(CNN) -- President Obama is not shy about showing off his jump shot on the basketball court, but on Tuesday night, it was his baseball skills that were put to the test.
President Obama throws out the first pitch at the 2009 All-Star Game onTuesday in St Louis, Missouri.
Obama, clad in a Chicago White Sox jacket and blue jeans, threw out the ceremonial first pitch at the Major League Baseball All-Star Game in St. Louis, Missouri.
His low pitch barely reached home plate and the mitt of St. Louis Cardinals star Albert Pujols.
Obama became the fifth president to throw out the first pitch at an All-Star Game, but the first in 33 years. He is following in the footsteps of Franklin D. Roosevelt, John F. Kennedy, Richard Nixon, and Gerald Ford.
Asked about plans to practice before the game, Obama said Tuesday, "I want to loosen up my arm a little bit."
"The last time I threw a pitch was at the American League championship series, and I just wanted to keep it high," the president said of his opening pitch at the 2005 Chicago White Sox-Anaheim Angels game.
Aiming high is a good strategy, says St. Louis Cardinals scout Matt Blood, but it takes more than on-point aim to make the perfect pitch.
"Throw it with some force, don't lob it in there. Try to get a good downhill plane. Try to keep it in the strike zone," said Blood, who will be at the game Tuesday.
HLN sports anchor Larry Smith, who has thrown out a few first pitches, says Obama has to be careful to "not try to overpower it."
"There's no speed gun on this. Just make it a nice solid throw to the catcher," Smith said. "The one thing he doesn't want to do is bounce it home. Mr. Obama is pretty athletic, so I think he'll ace this."
Overpowering it shouldn't be an issue for the president, who joked Tuesday that he'd be surprised if his 2005 pitch exceeded 30 miles per hour.
The president also needs to make sure he uses his whole arm, Blood said.
"You'll see a lot of people throw kind of out front. Their elbow will start out front and they'll never get their arm back behind their body, and won't get a full arm swing. It will be real short, and not very rhythmic," he said.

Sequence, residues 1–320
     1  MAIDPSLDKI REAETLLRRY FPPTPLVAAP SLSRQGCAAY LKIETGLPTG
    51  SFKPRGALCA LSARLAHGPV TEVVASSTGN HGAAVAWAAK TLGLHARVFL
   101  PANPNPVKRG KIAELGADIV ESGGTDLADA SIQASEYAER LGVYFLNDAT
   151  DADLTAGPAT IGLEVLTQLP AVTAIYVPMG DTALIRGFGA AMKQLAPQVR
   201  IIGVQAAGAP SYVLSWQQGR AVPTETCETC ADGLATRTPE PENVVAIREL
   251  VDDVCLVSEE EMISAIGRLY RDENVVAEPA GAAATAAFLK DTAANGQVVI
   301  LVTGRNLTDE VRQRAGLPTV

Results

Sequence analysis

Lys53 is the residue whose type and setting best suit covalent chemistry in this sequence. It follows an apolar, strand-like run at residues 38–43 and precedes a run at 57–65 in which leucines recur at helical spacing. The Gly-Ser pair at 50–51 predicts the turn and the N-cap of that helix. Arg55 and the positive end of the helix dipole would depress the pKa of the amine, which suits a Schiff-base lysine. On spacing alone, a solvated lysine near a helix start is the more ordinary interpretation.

Former Major League Baseball pitcher Jim Bouton said Obama's at the top of his game, and he can "afford to take a few chances."
"He should toss it a little further to the left. The righties are down by 15 runs in the ninth, they've got no team leadership. They're fighting with each other in the opposing dugout," he joked.
All kidding aside, Obama should "just go with his instincts, like any good athlete," Bouton said. "You don't want to throw the ball into the ground or behind you, that's for sure."
Obama also doesn't want to do what Cincinnati Mayor Mark Mallory did in his opening pitch for the Reds 2007 season. He missed home plate by 30 feet. Video of the Democratic mayor's embarrassing throw has been viewed nearly 2 million times on YouTube.
But the opening pitch isn't always a light-hearted moment. President Bush described his opening pitch at Yankees stadium during the 2001 World Series as "the most nervous moment" of his presidency so far. The game came less than two months after the September 11 terrorists attacks.
Bush wore an FDNY jacket to pay tribute to the New York City Fire Department. He stepped onto the pitchers mound, and before a cheering crowd of nearly 60,000, he threw a strike. The crowded erupted in chants of "U-S-A, U-S-A."
Before the game Tuesday night, Obama and all of the living former presidents will appear in a community service video. After the video is shown, Obama will take the field at Busch Stadium and greet the six St. Louis Cardinal Hall of Fame players. He then will throw his pitch to Cardinals' all-star first baseman Albert Pujols.
Major League Baseball said the president will wear a specially made glove for his appearance, with a script Obama 44 and an American flag on it. The glove will then be sent to the Baseball Hall of Fame in Cooperstown, New York.
If Obama has butterflies about his pitch, Blood says the president should use the nervous energy to his advantage.
"For Obama, I'm sure he's dealt with much more pressure than throwing out the first pitch at a baseball game, but I would -- instead of seeing it as pressure -- I would think of it as an exciting opportunity and turn the nervousness into positive adrenaline," he said.
CNN's Steve Brusk contributed to this report.
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